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Chew on This

I can probably count on one hand the number of times I took my kids to a restaurant when they were too small to reach the table without a booster seat. But one time stood out from the others.

We were eating at a sushi restaurant and my then 3-year-old daughter started screaming uncontrollably; we later found out she thought the painted shark on the wall was real. Meanwhile, her young brother, under the table, threatened to pull off the tablecloth and, with it, all the table’s contents. After that, I think it was several years before we graced the doors of a restaurant with our children in tow.

I have to say, it was somewhat of a relief. I didn’t miss the hassle of packing a “baby bag” just for a simple meal out; the wait for food, which always seemed excruciatingly long with kids who want to eat NOW; the mess they left behind, leaving me feel like a terrible mother. None of it seemed worth it. But today, I think I may be in the minority.

Typically when I eat out—granted, it’s usually somewhere fairly casual—the place is crawling with kids. Statistics support my observations: Since 2015, Americans have spent more money dining out than at grocery stores, according to the U.S. Department of Commerce. Herein, we examine why dining out is trumping eating in; what it means for the local dining scene; and how to indulge in this popular trend without driving yourself, or other diners, crazy.

Baltimore mom and food writer Kit Waskom Pollard shares her thoughts on the growing dining-out-with-kids trend. “I think that, to some extent, it’s part of a larger trend. Over the past 10 or 20 years, it’s become socially acceptable to take kids many different places where they used to be less welcome. I think that has been influenced by people having children later, after they’ve already established some adult habits. They’re used to going out to dinner and don’t want to give it up just because they have a child,” she says. Pollard also suggests that waiting later to have kids means that couples have more disposable income, which enables them to dine out more, a theory shared by economists.

Mary Lou Baker, a longtime area restaurant reviewer who took her own children out to dinner when they were youngsters and now indulges her granddaughters similarly, weighs in. She notices an increasing number of parents are taking their children to “eat out” rather than “dine out,” perhaps as a way to get a break from kitchen duties as opposed to a means of exposing them to life’s finer things. Her own children, recalls Baker, learned early on how to act in a restaurant, as she would bring them along on her restaurant review assignments.

Baker recalls an anecdote from one of those dinners many years ago. “We had gone to a wonderful restaurant, a Sunday dinner. My son ordered prime rib, then adjourned under the table where he and his sister were playing. The waiter came back and asked how the young man would like his prime rib. From under the table came a little voice that responded: ‘I like it cooked.’”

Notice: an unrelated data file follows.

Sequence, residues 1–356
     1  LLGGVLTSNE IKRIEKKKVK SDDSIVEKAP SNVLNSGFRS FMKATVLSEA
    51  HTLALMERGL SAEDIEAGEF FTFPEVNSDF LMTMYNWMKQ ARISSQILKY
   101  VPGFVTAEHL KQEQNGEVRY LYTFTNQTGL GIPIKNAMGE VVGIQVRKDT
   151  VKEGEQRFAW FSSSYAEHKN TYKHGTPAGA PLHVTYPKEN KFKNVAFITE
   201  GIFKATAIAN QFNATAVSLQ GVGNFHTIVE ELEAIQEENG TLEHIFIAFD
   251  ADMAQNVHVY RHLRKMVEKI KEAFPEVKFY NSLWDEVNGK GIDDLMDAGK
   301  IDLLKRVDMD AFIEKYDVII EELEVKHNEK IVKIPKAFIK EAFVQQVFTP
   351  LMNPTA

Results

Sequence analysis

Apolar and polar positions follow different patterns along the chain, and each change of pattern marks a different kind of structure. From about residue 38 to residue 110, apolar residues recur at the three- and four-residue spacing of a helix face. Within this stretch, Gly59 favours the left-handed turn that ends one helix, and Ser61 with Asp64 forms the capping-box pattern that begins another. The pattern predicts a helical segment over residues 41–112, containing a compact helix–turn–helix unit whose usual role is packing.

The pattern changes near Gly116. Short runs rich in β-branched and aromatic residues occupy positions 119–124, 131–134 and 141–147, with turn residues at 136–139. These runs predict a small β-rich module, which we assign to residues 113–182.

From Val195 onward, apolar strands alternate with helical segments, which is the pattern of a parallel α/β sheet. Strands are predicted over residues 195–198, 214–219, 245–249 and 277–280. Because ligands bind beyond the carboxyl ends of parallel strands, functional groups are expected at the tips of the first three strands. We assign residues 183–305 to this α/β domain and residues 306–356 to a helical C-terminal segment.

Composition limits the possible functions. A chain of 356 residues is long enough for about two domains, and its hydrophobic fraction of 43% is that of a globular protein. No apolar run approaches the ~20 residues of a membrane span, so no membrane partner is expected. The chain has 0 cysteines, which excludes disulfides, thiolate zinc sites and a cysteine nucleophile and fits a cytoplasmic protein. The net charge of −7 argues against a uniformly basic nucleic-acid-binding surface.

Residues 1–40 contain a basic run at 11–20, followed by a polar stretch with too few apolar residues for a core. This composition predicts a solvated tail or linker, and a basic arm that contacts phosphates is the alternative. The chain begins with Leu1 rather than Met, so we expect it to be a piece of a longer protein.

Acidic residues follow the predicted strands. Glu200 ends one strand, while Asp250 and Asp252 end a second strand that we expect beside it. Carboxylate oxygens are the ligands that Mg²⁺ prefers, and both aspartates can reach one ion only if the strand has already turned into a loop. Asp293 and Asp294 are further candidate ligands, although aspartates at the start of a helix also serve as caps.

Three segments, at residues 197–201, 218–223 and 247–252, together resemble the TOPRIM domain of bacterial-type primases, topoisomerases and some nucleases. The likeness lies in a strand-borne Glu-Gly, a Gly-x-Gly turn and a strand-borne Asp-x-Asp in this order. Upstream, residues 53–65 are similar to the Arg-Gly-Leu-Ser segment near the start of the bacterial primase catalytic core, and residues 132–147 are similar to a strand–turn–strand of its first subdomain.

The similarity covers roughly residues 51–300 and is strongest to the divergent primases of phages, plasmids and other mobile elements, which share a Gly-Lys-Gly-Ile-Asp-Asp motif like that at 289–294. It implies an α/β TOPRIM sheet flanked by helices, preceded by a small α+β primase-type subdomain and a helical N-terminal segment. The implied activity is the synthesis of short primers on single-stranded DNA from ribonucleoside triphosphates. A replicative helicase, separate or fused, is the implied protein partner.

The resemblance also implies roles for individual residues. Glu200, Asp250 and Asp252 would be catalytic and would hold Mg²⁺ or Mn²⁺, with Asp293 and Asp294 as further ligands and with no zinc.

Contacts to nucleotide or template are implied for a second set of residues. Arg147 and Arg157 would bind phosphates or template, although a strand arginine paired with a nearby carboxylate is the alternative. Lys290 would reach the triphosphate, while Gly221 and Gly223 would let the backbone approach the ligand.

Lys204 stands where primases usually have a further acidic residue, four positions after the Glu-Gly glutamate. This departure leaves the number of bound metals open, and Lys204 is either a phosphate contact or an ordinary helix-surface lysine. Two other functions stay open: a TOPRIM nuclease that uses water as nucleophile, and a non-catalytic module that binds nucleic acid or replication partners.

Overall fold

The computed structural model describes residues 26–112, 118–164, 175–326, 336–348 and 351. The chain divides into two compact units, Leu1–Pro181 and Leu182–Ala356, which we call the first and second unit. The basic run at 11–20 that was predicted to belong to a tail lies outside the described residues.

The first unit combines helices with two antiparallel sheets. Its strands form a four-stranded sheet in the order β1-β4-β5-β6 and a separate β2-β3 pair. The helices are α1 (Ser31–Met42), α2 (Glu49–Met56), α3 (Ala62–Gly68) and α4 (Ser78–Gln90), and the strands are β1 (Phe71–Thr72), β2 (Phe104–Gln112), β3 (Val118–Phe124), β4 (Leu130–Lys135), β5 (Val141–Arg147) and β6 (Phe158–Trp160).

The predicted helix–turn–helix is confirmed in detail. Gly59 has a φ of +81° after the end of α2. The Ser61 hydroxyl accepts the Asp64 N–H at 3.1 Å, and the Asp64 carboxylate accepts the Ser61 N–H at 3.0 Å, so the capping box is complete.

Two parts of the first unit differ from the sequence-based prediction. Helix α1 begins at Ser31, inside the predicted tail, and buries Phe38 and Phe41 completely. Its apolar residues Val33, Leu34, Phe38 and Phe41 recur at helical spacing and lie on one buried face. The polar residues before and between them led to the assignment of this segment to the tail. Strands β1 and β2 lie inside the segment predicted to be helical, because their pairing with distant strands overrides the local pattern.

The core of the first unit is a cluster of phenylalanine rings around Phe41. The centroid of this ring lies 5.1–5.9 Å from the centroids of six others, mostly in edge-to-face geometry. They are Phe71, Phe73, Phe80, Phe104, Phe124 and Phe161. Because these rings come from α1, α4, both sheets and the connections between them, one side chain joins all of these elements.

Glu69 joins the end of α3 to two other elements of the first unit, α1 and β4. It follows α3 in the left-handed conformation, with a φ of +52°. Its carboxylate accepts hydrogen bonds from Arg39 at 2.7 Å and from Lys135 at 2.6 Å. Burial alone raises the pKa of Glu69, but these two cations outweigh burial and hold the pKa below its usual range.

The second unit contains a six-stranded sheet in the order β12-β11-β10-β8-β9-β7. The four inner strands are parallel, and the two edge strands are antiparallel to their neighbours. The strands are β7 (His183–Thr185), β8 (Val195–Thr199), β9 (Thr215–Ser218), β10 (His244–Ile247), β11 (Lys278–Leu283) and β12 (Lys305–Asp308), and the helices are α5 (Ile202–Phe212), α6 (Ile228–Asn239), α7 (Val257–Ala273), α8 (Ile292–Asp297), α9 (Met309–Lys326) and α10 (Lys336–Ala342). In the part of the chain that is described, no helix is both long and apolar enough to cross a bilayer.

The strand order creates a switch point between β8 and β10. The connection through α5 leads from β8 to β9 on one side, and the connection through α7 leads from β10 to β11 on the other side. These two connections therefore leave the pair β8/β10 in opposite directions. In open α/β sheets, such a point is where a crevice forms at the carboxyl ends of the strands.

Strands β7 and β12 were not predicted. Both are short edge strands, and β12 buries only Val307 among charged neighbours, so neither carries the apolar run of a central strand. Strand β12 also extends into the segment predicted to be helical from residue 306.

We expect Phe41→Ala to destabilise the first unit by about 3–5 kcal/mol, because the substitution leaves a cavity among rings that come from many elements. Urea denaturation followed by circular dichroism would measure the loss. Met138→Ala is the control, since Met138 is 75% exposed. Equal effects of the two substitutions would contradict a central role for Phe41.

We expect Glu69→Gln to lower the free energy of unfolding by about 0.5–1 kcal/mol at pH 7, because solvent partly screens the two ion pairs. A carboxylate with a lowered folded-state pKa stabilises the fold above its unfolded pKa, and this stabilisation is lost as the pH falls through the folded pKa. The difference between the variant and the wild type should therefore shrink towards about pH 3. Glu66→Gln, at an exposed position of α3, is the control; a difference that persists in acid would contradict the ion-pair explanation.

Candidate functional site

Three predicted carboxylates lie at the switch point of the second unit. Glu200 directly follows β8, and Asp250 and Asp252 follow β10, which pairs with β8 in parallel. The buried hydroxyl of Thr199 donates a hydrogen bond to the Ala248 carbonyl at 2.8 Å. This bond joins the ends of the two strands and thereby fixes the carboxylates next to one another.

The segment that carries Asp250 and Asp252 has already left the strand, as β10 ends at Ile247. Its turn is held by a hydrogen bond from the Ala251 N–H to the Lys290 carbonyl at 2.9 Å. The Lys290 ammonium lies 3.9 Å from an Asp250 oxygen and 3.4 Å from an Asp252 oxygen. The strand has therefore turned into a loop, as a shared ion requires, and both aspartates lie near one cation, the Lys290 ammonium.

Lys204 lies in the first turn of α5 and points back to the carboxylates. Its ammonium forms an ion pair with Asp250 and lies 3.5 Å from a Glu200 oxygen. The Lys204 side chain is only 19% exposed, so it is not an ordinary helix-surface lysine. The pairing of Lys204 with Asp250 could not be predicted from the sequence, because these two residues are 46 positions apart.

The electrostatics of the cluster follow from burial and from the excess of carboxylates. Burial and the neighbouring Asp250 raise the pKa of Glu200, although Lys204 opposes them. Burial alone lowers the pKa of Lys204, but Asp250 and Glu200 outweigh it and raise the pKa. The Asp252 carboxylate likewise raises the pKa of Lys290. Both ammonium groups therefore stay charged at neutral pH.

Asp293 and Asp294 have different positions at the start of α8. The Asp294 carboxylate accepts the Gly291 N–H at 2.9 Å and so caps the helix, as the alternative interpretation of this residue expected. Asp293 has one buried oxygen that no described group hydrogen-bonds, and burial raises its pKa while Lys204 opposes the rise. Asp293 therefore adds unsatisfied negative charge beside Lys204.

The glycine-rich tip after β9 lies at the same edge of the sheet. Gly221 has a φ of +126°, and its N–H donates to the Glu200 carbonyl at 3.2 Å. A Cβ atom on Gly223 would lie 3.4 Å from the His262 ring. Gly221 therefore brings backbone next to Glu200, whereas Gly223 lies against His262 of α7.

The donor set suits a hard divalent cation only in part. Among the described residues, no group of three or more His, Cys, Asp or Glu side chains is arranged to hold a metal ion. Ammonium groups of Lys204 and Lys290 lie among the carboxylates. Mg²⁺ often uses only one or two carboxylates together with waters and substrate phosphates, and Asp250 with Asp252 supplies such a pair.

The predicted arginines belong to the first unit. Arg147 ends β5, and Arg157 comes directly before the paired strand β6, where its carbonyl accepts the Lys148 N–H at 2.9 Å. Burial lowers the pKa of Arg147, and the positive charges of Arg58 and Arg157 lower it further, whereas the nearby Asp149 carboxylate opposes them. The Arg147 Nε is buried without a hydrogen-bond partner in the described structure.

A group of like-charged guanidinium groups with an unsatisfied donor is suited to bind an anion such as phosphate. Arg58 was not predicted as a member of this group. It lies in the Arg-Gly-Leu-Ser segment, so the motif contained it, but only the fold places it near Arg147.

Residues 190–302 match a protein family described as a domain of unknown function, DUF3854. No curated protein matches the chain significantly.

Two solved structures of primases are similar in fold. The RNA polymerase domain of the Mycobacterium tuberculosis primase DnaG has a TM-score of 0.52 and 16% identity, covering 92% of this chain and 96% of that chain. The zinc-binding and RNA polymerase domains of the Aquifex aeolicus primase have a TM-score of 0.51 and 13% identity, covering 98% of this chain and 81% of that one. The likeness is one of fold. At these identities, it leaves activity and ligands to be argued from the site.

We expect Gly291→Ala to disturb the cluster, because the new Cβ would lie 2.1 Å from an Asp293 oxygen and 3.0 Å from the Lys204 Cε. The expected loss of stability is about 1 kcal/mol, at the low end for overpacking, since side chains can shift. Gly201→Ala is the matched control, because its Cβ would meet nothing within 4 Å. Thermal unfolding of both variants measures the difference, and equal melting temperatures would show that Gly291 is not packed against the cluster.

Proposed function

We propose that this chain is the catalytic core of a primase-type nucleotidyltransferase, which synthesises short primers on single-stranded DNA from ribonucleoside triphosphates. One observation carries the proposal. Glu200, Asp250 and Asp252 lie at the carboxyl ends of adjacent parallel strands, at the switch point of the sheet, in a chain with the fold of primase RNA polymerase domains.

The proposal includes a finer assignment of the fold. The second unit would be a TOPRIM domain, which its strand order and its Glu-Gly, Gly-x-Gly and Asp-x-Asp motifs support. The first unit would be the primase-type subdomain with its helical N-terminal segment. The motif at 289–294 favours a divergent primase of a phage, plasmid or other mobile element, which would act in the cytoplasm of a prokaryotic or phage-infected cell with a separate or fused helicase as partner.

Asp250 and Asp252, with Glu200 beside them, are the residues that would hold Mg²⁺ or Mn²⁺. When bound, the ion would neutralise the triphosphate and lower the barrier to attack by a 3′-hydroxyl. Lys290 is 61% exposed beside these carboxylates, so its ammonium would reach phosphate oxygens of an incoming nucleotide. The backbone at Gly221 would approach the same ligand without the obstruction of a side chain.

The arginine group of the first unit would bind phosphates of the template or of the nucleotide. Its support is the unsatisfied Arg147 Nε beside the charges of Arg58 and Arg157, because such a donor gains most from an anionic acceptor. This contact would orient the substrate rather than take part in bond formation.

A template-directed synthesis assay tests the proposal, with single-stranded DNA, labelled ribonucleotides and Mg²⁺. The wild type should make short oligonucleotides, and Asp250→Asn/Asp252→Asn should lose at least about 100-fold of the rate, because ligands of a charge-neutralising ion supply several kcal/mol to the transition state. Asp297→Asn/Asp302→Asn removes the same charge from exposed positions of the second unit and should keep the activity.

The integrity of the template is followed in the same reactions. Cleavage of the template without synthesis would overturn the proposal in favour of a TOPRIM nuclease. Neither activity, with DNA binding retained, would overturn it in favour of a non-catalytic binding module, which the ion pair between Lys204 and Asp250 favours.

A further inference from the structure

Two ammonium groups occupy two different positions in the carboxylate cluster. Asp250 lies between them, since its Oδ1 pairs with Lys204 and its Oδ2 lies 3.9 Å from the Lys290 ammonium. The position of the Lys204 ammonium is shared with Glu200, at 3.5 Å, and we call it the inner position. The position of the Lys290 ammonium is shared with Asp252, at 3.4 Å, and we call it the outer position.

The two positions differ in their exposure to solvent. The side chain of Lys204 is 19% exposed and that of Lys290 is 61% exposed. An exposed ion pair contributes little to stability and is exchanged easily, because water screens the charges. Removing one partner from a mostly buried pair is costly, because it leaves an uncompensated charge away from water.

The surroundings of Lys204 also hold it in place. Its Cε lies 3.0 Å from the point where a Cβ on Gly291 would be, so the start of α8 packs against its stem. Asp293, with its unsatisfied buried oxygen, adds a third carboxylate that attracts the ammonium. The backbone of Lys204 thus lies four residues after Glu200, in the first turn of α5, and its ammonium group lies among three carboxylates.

Today, some forward-thinking restaurants provide establishments where parents can get a satisfying meal and some breathing room, while their children play safely nearby. One such local restaurant is the Silver Queen Café, in the northeast Baltimore neighborhood Hamilton.

“We have a nice spot for the kids. It’s a little nook to the left when you come in. We had some low benches put in where they can sit. There are books, a toy wooden kitchen, some blocks. They seem to really enjoy it,” says Nicole Evanshaw, who owns the restaurant with her husband and chef, Jason Banaloski.


SIDE BAR: Common Sense Strategies for Dining Out with Kids

Wherever you stand on the issue of dining out with young children, it appears the trend is here to stay. That said, you may want to consider these common sense dining-out strategies from mom and food writer Kit Waskom Pollard, who’s made the practice work for her family.

Start small. Your kid’s first trip to a restaurant shouldn’t be a multi-course, white tablecloth dinner. It should be short, casual and flexible–the kind of place where you can make a quick getaway if you need to.

Think about timing. If your kids are young, don’t take them to restaurants when they’re tired. That is a recipe for disaster.

Be consistent. When my son was in preschool, he and I used to go to Chick-fil-A for lunch at least once a week. Even there, while we were eating, I made him sit politely, with his napkin on his lap. Once he finished eating, he was allowed to go play in the playground, but while he ate, he had to practice his manners.

Start at home. We eat dinner as a family, at our table, most nights of the week. Restaurants aren’t the place for kids to learn restaurant manners. At home, you can give kids instruction and let them practice their manners without embarrassing them (or you).

Consider school. When my son was five or six, he took a class at the International School of Protocol in Hunt Valley. It was fun for him and he learned all kinds of things about how table manners came about.

Know your kid. Some kids have more energy than others. Some are just louder, or wilder, than others. Don’t force those kids to go to a restaurant they’re not ready for. It’ll be bad for everyone.





About Elizabeth Heubeck

Elizabeth Heubeck, a native of Baltimore, is the editor of Baltimore's Child and the mother of two teenagers. Currently, she spends much of her spare time wishing she was a gourmet cook (or at least a solid short-order cook), hoping the piles of laundry would disappear and, in the warmer months, battling weeds in her flower beds.

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